Makemson's paper, "Anglophobia as Art: Free Trade and Protection in
Grover Cleveland Political Cartoons," has been accepted for presentation
at the 19th Century Press, the Civil War and Free Expression Symposium
in Chattanooga, Tenn., Nov. 1-2.
Makemson said previous research has left the impression that the defining
characteristic of cartooning against Grover Cleveland in the 1884
campaign was a relentless focus on Cleveland's illegitimate child
scandal. His research demonstrates that the graphic discourse gave
a much broader argument for why a Cleveland presidency would be damaging
to the country.
A heavy focus by cartoonists on the tariff issue echoed GOP charges
that free trade would put American laborers out of work, in turn creating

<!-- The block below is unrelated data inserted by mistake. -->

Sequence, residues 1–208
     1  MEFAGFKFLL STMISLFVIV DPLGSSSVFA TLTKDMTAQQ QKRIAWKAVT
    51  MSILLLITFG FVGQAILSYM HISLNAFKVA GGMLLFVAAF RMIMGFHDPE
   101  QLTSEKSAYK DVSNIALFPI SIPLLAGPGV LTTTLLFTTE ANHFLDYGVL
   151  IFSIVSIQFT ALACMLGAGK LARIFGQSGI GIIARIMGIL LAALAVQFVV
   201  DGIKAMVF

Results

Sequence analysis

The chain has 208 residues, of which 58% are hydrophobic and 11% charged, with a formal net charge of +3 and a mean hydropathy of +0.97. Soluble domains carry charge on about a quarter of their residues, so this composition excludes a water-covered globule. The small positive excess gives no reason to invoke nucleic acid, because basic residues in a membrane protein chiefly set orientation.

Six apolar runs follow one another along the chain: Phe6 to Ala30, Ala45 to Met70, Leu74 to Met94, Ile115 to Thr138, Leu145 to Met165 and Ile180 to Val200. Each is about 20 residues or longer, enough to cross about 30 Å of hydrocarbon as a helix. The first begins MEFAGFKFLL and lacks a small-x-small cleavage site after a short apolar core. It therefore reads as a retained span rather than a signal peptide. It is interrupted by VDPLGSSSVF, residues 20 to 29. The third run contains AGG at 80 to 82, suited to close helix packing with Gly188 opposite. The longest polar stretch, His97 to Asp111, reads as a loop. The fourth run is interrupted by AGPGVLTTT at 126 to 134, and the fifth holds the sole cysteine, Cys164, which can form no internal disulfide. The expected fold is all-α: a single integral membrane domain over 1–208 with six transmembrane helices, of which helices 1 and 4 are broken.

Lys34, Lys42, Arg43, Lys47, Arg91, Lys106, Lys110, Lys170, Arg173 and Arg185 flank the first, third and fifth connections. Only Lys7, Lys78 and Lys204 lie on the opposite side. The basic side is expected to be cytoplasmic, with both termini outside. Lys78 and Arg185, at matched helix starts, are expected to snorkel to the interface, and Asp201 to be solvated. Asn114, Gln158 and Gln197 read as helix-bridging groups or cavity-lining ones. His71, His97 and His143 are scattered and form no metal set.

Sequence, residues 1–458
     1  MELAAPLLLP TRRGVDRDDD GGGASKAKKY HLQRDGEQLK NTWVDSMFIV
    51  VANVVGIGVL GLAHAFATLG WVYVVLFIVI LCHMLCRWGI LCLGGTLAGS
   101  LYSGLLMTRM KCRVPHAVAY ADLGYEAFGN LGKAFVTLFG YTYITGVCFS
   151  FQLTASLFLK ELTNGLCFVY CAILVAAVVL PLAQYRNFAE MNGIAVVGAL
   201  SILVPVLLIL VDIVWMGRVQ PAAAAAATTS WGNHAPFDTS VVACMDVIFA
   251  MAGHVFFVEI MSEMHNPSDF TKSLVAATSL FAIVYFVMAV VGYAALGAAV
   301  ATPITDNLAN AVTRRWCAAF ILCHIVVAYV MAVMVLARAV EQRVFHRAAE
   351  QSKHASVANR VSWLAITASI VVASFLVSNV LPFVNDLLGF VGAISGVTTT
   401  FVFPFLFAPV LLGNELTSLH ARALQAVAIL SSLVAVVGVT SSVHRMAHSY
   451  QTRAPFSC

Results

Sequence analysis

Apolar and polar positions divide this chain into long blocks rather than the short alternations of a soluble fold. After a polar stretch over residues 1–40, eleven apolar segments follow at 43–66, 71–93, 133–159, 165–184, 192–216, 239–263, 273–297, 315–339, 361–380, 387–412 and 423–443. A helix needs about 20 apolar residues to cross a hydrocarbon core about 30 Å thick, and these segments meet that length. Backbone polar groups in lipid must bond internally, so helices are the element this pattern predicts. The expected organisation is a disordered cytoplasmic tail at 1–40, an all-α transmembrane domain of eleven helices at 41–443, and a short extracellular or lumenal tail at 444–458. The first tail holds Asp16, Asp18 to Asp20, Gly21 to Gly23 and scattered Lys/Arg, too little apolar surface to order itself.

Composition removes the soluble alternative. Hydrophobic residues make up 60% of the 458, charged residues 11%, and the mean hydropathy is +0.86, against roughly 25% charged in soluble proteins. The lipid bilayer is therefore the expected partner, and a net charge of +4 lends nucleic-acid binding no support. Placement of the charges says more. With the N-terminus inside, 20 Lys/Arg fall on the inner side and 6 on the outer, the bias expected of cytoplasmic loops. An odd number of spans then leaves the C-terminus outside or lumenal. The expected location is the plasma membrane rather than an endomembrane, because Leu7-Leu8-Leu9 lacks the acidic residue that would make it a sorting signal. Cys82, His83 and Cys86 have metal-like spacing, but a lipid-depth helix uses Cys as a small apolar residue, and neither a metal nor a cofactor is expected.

a hardship for their families. In pro-Republican cartoons, Cleveland
was depicted not only undermining the moral fabric of the American
family but taking food off its table.
"My approach is less interested in the cartoonists and the politicans,"
Makemson said, "and more interested in what symbols were being
used and how they may have been interpreted by those in the culture.
I'm particularly interested in the Gilded Age because many of the
issues of the period - immigration, free trade, concern over an erosion
of morals, the perceived damaging influence of visual media - still